5

I'm looking into outliers detection. Brendan Gregg has a really nice article and I'm especially intrigued by his visualizations. One of the methods he uses are frequency trails.

frequency trails

I'm trying to reproduce this in matplotlib using this example. Which looks like this:

polys3d_demo

And the plot is based on this answer: https://stackoverflow.com/a/4152016/948369

Now my issue is, like described by Brendan, that I have a continuous line that masks the outlier (I simplified the input values so you can still see them):

masked outlier

Any help on making the line "non-continuous" for non existent values?

2 Answers 2

6

Seaborn also provides a very neat example:

Seaborn KDE joyplot

They call it a joy/ridge plot however: https://seaborn.pydata.org/examples/kde_ridgeplot.html

#!/usr/bin/python
import numpy as np
import pandas as pd
import seaborn as sns
import matplotlib.pyplot as plt
sns.set(style="white", rc={"axes.facecolor": (0, 0, 0, 0)})

# Create the data
rs = np.random.RandomState(1979)
x = rs.randn(500)
g = np.tile(list("ABCDEFGHIJ"), 50)
df = pd.DataFrame(dict(x=x, g=g))
m = df.g.map(ord)
df["x"] += m

# Initialize the FacetGrid object
pal = sns.cubehelix_palette(10, rot=-.25, light=.7)
g = sns.FacetGrid(df, row="g", hue="g", aspect=15, size=.5, palette=pal)

# Draw the densities in a few steps
g.map(sns.kdeplot, "x", clip_on=False, shade=True, alpha=1, lw=1.5, bw=.2)
g.map(sns.kdeplot, "x", clip_on=False, color="w", lw=2, bw=.2)
g.map(plt.axhline, y=0, lw=2, clip_on=False)

# Define and use a simple function to label the plot in axes coordinates
def label(x, color, label):
    ax = plt.gca()
    ax.text(0, .2, label, fontweight="bold", color=color, 
            ha="left", va="center", transform=ax.transAxes)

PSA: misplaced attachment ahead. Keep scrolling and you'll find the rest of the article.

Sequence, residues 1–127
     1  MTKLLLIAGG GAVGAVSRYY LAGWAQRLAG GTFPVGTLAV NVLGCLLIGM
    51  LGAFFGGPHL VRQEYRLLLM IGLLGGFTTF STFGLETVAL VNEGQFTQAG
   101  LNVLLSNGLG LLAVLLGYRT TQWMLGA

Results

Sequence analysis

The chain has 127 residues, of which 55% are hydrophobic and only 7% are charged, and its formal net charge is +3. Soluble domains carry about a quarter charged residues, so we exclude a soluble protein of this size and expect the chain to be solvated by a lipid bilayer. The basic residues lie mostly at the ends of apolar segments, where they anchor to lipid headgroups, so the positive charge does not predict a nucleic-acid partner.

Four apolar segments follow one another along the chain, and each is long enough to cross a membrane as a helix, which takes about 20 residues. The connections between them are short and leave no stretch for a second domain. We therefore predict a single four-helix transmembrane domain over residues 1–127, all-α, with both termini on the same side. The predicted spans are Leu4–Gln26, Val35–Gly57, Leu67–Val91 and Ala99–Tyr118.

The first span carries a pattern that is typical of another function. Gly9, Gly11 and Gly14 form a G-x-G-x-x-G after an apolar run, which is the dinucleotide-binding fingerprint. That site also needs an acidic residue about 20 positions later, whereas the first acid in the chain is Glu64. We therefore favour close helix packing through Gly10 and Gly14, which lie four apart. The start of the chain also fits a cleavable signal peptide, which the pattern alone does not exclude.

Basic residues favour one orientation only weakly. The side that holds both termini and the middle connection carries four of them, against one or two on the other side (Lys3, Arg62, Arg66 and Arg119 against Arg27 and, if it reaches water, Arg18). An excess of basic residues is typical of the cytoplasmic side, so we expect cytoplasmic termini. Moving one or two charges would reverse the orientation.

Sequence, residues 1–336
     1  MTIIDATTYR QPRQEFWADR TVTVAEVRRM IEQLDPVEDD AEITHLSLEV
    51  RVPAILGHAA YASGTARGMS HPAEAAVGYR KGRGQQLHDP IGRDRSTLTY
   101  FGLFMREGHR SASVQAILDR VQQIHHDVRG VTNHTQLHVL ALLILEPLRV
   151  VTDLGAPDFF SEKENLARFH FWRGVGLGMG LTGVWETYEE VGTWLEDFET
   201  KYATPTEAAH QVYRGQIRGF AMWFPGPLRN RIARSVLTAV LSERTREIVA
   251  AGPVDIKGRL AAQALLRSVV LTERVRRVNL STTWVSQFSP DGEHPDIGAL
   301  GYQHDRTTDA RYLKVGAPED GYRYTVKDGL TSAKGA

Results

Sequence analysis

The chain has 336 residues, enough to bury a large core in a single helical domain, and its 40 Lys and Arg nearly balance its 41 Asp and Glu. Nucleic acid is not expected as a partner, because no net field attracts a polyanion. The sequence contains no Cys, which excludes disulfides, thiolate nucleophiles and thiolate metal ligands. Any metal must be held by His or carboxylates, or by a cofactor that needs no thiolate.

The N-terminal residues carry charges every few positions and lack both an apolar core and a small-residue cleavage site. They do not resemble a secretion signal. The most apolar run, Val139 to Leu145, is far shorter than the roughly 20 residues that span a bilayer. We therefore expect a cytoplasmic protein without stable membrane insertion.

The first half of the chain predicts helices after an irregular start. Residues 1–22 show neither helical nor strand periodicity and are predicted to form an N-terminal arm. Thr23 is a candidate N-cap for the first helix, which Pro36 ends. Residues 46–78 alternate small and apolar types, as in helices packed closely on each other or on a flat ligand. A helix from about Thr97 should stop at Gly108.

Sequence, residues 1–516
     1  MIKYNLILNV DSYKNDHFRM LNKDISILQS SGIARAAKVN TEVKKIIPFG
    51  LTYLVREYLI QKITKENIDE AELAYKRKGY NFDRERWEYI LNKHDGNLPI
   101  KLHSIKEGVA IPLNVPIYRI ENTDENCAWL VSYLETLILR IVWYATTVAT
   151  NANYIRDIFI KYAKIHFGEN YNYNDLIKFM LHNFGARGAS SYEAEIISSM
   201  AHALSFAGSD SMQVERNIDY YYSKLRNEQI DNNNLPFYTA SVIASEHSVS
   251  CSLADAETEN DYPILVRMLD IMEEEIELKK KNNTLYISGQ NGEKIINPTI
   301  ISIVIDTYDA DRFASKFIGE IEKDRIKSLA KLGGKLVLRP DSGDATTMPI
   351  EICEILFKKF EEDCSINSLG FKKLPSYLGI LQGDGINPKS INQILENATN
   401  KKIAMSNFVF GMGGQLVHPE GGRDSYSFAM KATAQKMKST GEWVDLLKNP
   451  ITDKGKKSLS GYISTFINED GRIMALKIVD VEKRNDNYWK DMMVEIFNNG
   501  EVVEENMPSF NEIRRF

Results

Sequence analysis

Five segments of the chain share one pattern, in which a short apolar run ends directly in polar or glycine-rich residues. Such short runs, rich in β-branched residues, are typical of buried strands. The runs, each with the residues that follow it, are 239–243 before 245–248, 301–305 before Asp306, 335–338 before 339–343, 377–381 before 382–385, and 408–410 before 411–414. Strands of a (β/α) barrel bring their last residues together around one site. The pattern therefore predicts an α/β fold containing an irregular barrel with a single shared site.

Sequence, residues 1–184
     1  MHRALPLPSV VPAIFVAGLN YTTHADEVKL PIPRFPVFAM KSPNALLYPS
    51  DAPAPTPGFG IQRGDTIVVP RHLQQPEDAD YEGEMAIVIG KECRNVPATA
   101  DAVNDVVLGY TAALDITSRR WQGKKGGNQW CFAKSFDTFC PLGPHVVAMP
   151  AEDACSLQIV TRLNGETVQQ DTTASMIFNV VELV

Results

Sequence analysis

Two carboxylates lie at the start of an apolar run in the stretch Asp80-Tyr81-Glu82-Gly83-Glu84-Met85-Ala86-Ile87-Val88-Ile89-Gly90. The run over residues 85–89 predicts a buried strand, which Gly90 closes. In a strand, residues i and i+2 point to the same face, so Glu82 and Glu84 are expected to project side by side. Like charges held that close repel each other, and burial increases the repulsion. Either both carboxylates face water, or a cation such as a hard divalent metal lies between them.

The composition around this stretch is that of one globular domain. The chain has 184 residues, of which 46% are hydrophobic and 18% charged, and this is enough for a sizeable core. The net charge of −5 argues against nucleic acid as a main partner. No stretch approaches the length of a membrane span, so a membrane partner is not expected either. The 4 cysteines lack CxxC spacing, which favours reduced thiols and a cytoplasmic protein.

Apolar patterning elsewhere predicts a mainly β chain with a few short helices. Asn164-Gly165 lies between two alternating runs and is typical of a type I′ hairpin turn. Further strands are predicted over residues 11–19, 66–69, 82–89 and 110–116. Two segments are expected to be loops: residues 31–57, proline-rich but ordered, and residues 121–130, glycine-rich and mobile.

g.map(label, "x")

# Set the subplots to overlap
g.fig.subplots_adjust(hspace=-.25)

# Remove axes details that don't play will with overlap
g.set_titles("")
g.set(yticks=[])
g.despine(bottom=True, left=True)
0
4

I would stick with a flat 2D plot and displace each level by a set vertical amount. You'll have to play the the levels (in the code below I called it displace) to properly see the outliers, but this does a pretty good job at replicating your target image. The key, I think, is to set the "zero" values to None so pylab does not draw them.

enter image description here

import numpy as np
import pylab as plt
import itertools

k = 20
X = np.linspace(0, 20, 500)
Y = np.zeros((k,X.size))

# Add some fake data
MU = np.random.random(k)
for n in xrange(k):
    Y[n] += np.exp(-(X-MU[n]*n)**2 / (1+n/3))
Y *= 50

# Add some outliers for show
Y += 2*np.random.random(Y.shape)

displace = Y.max()/4

# Add a cutoff
Y[Y<1.0] = None

face_colors = itertools.cycle(["#D3D820", "#C9CC54", 
                               "#D7DA66", "#FDFE42"])

fig = plt.figure()
ax = fig.add_subplot(111, axisbg='black')
ax.xaxis.set_visible(False)
ax.yaxis.set_visible(False)

for n,y in enumerate(Y):
    # Vertically displace each plot
    y0 = np.ones(y.shape) * n * displace
    y1 = y + n*displace

    plt.fill_between(X, y0,y1,lw=1, 
                     facecolor=face_colors.next(),
                     zorder=len(Y)-n)  
plt.show()
1
  • That looks pretty neat, I'll give it a shot later and give you feedback how it went.
    – Glaslos
    Jul 12, 2013 at 14:26

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